The awe of seeing a butterfly never goes away. In fact, there are approximately 20,000 species of butterflies in the world, and the United States of America has around 525 butterflies that reside in the lower 48 states. Your hometown might even have its own native butterfly species that regularly calls it home, especially in the spring and summer months. These insects begin as caterpillars and metamorphose into the beautiful winged creatures that pollinate in our gardens, but you don’t have to sit around and wait for them to come to you; you can actually raise butterflies at home.
© Annie Otzen / Getty Images
Choose the right kind of butterfly.
Fran LeMasters, owner of All A Flutter Butterflies in Northeast Ohio, recommends connecting with a butterfly breeder in your region. You want to make sure to raise butterflies that are native to your state and not to introduce an invasive species. Monarchs are a common butterfly across all of the United States, but other types of butterflies may not normally be found in your state. You can search for certified breeders by visiting the International Butterfly Breeders Association website and looking up local breeders. “This may be the easiest way to begin raising butterflies because you can get kits that give you everything you need to get started and that come with instructions,” LeMasters explains. “You would get a cup that has a caterpillar in it and some food.”
Grow a garden of their favorite plants.
Some species of butterflies, like the Painted Lady, can survive on an artificial diet like ground mallow plants. Monarch butterflies, however, need to have access to living milkweed plants in order to thrive. Incorporate your butterfly’s host plants (the food that it craves) in your garden. “You would place the monarch caterpillars on the plant and cover it with netting [if you are raising indoors],” she says. “This will keep the caterpillars from crawling away.” The netting also gives them something to climb when they are ready to form a chrysalis for the next stage of their life. You can also purchase pre-made butterfly habitats that you can have in your house or as part of your garden. You will need caterpillars, a habitat with netting, and proper food supply.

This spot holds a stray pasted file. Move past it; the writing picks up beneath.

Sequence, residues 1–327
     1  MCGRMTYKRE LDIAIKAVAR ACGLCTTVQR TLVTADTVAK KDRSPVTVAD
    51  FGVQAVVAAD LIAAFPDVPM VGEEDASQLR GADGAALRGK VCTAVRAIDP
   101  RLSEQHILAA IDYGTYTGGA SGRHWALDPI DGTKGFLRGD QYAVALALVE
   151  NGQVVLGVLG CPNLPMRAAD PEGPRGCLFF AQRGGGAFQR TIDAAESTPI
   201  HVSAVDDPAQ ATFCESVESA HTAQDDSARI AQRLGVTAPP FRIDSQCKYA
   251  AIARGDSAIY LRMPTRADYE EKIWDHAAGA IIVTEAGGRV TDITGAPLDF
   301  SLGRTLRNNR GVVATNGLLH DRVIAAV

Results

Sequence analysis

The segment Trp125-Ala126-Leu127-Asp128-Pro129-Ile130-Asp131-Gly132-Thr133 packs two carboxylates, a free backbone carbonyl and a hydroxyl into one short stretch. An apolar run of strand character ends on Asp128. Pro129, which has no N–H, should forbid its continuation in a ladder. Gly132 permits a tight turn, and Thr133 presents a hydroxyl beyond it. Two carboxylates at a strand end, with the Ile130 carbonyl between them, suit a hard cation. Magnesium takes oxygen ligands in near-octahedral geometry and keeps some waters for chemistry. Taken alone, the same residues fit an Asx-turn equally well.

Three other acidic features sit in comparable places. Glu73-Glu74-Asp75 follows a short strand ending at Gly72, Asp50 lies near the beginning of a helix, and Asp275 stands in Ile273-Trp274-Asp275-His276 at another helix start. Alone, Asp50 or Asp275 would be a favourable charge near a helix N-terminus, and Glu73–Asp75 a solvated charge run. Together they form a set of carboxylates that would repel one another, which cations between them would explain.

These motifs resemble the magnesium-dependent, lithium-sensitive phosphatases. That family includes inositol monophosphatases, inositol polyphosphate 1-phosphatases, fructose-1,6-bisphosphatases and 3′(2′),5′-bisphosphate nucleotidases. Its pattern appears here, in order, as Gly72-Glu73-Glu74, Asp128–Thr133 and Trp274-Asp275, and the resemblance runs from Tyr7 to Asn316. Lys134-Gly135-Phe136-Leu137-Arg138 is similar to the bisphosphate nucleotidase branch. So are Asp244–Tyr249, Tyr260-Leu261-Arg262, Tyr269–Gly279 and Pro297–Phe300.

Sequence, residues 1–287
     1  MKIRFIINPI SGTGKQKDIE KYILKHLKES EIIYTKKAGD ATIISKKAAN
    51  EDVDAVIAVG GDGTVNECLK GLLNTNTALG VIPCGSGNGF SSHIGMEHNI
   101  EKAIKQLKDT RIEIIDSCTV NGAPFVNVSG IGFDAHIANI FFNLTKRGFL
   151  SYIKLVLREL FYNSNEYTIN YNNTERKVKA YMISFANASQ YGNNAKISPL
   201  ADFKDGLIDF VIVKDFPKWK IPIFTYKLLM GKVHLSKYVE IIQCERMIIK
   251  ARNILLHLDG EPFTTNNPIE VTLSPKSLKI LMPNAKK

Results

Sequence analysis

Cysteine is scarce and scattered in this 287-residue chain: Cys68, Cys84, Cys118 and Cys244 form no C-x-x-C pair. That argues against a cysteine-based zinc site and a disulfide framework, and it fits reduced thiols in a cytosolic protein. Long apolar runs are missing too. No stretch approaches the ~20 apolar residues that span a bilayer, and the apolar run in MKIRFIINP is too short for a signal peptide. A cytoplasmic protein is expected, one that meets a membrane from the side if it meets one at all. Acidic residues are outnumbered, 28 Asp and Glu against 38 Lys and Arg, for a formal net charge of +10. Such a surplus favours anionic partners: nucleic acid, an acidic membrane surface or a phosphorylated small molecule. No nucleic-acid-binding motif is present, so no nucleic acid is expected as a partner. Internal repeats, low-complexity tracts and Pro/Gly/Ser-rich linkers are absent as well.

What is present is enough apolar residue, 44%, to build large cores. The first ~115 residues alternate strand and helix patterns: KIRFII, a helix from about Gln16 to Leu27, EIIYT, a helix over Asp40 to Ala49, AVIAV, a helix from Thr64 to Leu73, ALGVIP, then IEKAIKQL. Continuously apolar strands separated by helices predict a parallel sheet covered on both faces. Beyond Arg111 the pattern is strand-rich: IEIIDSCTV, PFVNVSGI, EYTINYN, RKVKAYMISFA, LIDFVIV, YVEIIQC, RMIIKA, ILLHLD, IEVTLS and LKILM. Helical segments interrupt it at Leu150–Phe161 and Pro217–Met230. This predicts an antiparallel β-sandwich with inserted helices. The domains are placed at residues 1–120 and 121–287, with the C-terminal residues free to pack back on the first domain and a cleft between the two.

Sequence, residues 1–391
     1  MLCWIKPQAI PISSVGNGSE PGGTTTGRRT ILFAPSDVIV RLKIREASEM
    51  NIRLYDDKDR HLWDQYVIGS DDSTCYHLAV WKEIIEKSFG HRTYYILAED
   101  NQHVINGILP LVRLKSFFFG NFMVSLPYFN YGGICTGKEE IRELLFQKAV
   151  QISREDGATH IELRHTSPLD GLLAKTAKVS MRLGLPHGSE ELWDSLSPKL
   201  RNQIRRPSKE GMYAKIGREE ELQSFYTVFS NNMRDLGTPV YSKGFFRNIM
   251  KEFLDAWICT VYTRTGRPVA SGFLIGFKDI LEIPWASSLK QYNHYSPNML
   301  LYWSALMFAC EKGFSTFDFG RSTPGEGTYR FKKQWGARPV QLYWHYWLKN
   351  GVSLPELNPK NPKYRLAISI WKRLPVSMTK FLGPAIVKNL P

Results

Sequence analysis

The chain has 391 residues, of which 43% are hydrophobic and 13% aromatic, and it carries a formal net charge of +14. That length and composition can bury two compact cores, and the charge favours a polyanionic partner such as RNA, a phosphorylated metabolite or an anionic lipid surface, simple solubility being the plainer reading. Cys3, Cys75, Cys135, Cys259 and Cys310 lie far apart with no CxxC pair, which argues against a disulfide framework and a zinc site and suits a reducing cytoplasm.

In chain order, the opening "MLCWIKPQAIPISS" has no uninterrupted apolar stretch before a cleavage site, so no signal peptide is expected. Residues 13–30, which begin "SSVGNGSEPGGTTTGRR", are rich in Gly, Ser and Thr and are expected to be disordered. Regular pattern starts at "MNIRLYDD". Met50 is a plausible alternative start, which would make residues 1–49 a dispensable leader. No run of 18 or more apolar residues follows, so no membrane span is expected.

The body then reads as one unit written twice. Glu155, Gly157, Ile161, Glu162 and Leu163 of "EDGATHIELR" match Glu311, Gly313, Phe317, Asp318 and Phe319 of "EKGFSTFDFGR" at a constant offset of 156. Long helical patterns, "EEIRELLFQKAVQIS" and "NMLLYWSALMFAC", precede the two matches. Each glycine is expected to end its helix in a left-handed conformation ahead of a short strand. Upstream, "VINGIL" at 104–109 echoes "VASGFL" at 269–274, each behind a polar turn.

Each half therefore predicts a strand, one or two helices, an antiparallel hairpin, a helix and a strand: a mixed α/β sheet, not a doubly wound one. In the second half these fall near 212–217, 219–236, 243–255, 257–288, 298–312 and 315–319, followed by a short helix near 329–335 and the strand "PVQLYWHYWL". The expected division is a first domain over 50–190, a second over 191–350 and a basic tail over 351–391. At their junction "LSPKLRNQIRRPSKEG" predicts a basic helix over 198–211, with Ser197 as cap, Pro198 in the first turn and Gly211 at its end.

Butterflies can be raised in the spring and summer. But when fall comes around, be prepared to let your butterflies out into the world. Butterflies migrate in the colder months and travel to warmer places. Your garden could attract butterflies back to your home in the spring if you offer plenty of their host plants and nectar-producing flowers. “Butterflies are like bees,” LeMasters says. “They will go where the food is.”
Article by Roxanna Coldiron for Martha Stewart